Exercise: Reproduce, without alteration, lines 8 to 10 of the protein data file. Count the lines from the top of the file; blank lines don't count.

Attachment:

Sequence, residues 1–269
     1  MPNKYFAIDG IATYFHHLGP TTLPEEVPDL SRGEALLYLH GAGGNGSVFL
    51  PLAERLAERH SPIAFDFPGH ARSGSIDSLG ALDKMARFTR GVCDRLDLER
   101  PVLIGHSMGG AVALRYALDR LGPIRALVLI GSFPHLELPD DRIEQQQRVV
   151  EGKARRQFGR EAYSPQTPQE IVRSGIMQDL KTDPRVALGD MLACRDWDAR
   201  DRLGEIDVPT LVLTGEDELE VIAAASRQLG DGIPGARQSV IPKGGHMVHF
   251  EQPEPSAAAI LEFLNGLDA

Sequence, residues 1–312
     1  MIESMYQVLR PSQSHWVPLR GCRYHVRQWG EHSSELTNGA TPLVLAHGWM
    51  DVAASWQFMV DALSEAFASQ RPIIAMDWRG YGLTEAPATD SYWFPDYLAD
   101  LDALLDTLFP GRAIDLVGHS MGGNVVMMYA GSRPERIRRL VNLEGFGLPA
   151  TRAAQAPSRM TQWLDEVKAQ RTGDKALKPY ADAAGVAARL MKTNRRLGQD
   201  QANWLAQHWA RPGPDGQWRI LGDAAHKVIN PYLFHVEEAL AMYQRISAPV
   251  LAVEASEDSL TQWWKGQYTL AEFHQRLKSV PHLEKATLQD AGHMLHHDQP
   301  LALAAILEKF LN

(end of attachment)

Sequence, residues 1–312
     1  MIESMYQVLR PSQSHWVPLR GCRYHVRQWG EHSSELTNGA TPLVLAHGWM
    51  DVAASWQFMV DALSEAFASQ RPIIAMDWRG YGLTEAPATD SYWFPDYLAD